Monkey on my back

Trip Start Jul 21, 2012
1
4
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Trip End Aug 09, 2012


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Flag of Nicaragua  ,
Wednesday, July 25, 2012

After a fairly poor night of hostel sleep involving noisy drunken french men, american girls who choose to leave at cock crow, lingering jet lag and an irritatingly bitey room mosquito, I woke at 8amish and did some reading and had a pleasant cool shower then voyaged off to get some breakfast.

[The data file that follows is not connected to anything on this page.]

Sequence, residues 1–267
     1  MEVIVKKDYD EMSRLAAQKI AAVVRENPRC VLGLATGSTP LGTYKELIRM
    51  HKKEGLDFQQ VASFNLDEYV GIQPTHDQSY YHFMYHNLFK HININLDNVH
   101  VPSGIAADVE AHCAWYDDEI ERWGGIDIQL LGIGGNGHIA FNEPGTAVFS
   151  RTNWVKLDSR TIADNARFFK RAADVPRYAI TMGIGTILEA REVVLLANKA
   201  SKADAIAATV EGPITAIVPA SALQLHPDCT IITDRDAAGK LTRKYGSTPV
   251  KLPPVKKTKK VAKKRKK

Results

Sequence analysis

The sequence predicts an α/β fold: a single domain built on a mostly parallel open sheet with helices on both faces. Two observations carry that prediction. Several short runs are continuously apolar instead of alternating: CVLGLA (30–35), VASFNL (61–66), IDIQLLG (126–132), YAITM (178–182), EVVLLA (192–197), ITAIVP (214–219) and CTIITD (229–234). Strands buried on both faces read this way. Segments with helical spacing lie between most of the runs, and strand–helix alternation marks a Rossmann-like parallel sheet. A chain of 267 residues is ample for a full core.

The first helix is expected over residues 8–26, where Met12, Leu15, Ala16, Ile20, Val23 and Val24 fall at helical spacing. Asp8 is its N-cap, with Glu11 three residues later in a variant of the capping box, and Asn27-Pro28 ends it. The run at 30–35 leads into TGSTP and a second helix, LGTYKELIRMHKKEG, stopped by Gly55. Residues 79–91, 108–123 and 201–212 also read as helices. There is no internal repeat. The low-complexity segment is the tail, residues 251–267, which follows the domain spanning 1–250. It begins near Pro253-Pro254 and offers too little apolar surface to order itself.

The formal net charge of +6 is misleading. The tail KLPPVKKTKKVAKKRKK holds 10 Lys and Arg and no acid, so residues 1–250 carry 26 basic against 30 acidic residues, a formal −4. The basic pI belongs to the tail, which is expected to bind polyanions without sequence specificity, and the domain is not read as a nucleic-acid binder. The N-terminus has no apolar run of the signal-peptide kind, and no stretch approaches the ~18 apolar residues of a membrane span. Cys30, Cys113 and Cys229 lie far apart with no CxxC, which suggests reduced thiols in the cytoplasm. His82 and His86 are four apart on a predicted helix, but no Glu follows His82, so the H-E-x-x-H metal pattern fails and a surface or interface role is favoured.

Granada seems like a very civilised city.....nice grid-like lay out to avoid getting lost, pretty buildings that have a lot of charm (although reckon they could do with some UNESCO love) and lots of eateries.  Found a lovely place for breakfast called Garden Cafe.  It was set around a pretty garden with a fountain and a black bird of some variety flying about.  After several meals of rice and beans, it was time for a gringo breakfast so ordered a bowl of fruit with yogurt and granola and a plate of blueberry french toast.  Both portions came out rather larger than I was expecting, so greedily gobbled it all down.  Lovely fruit salad full of bananas, pineapples, papayas and the like topped off with some cinamonny granola and a good squirting of honey.  Tasty.  having had my fruit intake for the week, I went for a wander in search of a tour to do.  I found a tour agency that i had seen online, Leo's Communitarios Tours and enquired about tours for the afternoon.  I wanted to go on a volcano tour really, but was told that noone else had booked, but that a tour around the islets on Lake Nicaragua was running this afternoon, so plumped for that option.  This gave me an hour or so so trundled back to the hostel, put on some sun cream and read a bit.